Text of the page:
Earlier in the week we looked at the people who will power Hypernet, and why they would want to connect their devices to the network. This week, we will take a look at the types of people who will use Hypernet’s computing capabilities — the purchasers.
Hypernet was borne out of a need for a specific type of computational power which didn’t exist in the marketplace at an affordable cost. Ivan Ravlich and Todd Chapman, Hypernet’s CEO and CTO respectively, experienced this dearth of power very acutely while conducting research at Stanford University. This is what spurred them to research new methods of computation to enable data-intensive simulations. Along the way, they have discovered many other use cases for the novel Hypernetwork protocol, and found many other parties interested in utilizing it.
The first type of user will be scientific researchers. Researchers generally have big dreams, but small budgets. Their options for computing are limited to government machines, which can take months or years to move to the top of the waitlist, or they can purchase time on Amazon or Google servers, which is prohibitively expensive. Hypernet provides a solution to both issues.
Corporations also use large amounts of computational power. For example, modeling market trends, running financial simulations, and even things like behavior analytics all take massive amounts of computing power. The world’s largest corporations will sometimes have in-house computation options, but most do not. Therefore, Hypernet could cut their computation costs by as much as 80% over cloud computing.
Organizations with sensitive information:
Imagine you run a hospital. You have billions of data-points on thousands of patients. You could use this data to discover new markers for diseases, and predictively analyze who is at risk for certain health issues. However, due to HIPAA, and other healthcare information privacy laws, you can’t efficiently analyze this wealth of life-saving information. Hypernet’s unique algorithm allows for sensitive data to be analyzed and learned from, but in an anonymous and secure way. This applies to anyone with sensitive data who wants to learn from that data; Hypernet could enable a new wave of cyber security and information privacy.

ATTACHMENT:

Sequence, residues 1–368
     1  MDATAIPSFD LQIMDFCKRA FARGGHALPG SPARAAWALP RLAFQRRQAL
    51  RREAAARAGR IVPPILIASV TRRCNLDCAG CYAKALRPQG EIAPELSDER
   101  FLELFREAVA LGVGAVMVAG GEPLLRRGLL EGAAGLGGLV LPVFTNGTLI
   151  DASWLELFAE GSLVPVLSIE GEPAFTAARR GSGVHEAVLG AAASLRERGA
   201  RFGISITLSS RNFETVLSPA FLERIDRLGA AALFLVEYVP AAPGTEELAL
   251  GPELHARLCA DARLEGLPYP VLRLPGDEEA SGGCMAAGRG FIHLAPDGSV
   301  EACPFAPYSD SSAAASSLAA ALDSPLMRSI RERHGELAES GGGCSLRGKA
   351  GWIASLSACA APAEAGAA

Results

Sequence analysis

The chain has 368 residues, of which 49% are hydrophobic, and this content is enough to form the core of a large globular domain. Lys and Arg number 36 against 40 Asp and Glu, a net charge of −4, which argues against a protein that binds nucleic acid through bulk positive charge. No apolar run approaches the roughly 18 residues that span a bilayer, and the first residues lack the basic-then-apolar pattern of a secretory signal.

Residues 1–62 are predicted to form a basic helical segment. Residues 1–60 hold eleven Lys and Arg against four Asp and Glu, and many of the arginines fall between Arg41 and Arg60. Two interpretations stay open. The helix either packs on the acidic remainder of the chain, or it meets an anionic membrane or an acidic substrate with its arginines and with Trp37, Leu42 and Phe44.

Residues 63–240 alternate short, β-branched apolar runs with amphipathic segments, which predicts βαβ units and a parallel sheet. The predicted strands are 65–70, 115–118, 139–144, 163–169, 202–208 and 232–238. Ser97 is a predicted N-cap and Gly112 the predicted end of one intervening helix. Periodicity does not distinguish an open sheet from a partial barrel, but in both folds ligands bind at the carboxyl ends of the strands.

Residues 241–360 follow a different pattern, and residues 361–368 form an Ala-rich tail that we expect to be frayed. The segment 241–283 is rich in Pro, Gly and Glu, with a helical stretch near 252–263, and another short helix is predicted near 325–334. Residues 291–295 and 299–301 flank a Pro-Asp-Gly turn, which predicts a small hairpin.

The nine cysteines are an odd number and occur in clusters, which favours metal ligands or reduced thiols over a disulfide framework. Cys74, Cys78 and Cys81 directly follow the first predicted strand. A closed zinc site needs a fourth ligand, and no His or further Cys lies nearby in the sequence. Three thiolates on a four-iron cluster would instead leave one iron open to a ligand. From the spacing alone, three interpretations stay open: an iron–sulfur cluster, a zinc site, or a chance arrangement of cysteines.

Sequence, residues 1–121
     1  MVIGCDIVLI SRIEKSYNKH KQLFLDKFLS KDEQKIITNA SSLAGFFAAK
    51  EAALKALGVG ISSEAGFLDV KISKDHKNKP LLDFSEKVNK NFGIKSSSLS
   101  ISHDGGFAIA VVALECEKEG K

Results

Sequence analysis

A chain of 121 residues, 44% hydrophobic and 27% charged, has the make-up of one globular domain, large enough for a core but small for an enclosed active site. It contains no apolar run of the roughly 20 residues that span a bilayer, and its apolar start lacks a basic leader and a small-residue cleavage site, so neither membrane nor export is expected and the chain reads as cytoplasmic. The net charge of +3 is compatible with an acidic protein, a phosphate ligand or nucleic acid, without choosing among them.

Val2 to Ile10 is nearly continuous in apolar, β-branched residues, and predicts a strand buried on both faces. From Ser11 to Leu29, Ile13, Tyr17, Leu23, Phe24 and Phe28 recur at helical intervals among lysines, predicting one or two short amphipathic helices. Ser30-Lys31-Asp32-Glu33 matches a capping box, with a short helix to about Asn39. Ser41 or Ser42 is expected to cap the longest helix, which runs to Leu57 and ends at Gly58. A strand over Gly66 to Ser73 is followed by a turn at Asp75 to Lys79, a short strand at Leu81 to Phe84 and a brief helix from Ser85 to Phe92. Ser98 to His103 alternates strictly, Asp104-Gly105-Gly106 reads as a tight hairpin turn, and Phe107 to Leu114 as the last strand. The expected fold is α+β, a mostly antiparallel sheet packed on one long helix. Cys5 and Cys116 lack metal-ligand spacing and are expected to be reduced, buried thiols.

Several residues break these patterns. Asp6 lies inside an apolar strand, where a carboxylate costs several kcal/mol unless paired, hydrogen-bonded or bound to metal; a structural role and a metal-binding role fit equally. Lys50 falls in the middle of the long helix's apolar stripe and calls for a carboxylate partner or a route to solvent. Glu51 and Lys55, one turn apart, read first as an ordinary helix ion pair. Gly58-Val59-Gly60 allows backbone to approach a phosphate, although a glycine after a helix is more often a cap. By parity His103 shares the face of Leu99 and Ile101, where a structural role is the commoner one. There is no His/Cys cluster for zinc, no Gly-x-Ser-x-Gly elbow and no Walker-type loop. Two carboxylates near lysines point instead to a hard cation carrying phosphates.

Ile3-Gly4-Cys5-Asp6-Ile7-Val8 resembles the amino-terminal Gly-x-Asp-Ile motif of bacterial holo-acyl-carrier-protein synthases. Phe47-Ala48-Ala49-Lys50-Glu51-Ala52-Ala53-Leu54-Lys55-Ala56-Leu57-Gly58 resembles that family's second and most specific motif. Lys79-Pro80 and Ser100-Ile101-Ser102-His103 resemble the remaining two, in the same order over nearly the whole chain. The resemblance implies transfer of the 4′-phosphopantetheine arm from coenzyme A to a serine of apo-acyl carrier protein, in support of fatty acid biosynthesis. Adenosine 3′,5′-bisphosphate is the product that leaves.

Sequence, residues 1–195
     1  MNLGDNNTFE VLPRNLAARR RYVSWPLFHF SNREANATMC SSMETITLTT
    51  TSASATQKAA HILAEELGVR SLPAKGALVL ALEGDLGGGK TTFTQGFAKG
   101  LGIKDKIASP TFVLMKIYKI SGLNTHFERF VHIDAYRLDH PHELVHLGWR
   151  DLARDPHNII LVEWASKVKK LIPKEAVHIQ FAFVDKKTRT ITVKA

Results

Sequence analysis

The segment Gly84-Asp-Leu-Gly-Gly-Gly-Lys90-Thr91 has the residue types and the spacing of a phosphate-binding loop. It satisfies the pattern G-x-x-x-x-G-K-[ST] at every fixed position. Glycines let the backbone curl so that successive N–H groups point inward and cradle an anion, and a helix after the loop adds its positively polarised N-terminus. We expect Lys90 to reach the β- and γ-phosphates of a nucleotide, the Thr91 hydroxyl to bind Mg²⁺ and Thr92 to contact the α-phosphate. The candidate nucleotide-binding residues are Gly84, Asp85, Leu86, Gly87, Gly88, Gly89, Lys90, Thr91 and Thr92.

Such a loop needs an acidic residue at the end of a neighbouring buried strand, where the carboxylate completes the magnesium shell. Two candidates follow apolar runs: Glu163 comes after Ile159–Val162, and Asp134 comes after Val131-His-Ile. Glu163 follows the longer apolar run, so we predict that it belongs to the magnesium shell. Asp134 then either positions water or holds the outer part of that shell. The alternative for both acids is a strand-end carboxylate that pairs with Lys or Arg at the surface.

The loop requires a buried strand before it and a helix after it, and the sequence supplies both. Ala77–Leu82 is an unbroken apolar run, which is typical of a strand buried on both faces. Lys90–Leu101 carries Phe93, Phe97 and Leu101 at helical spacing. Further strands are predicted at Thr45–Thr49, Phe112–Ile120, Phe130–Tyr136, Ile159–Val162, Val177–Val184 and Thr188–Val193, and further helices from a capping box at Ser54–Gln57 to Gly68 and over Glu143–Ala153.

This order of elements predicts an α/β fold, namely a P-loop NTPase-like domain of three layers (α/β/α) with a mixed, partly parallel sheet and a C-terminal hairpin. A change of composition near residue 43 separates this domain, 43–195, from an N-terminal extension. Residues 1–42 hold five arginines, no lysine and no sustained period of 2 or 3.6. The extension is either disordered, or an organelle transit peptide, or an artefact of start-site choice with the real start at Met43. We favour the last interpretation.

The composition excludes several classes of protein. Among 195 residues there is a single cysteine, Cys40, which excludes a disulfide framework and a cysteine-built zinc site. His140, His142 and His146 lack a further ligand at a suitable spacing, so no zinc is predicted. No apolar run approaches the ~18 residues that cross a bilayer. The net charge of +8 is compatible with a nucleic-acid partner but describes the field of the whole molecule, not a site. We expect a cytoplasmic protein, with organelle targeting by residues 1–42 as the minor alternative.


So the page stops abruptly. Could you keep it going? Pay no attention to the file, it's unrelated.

Individuals far away from computing resources:
Since computation is conducted off of the device, Hypernet enables data-analysis in remote locations. This means one only needs to be connected to the internet to open unlimited computation possibilities. Imagine you are the Red Cross, and you are trying to find efficient evacuation routes for a remote village after an eruption. Hypernet coud efficiently find those routes using nothing more than a satellite phone with a data connection.
Realisitically, Hypernet can be used by anyone who wants computational power, and has a connection to the internet. These are only a few profiles of the types of people and organizations interested in purchasing computational power. Within each of these profiles, the user also gains distinct advantages by using Hypernet, as opposed to services offered by other organizations. To learn more, you can subscribe to our blog and newsletter, and join our growing online community where you can ask our team questions, and talk to other people interested in Hypernet’s potential.
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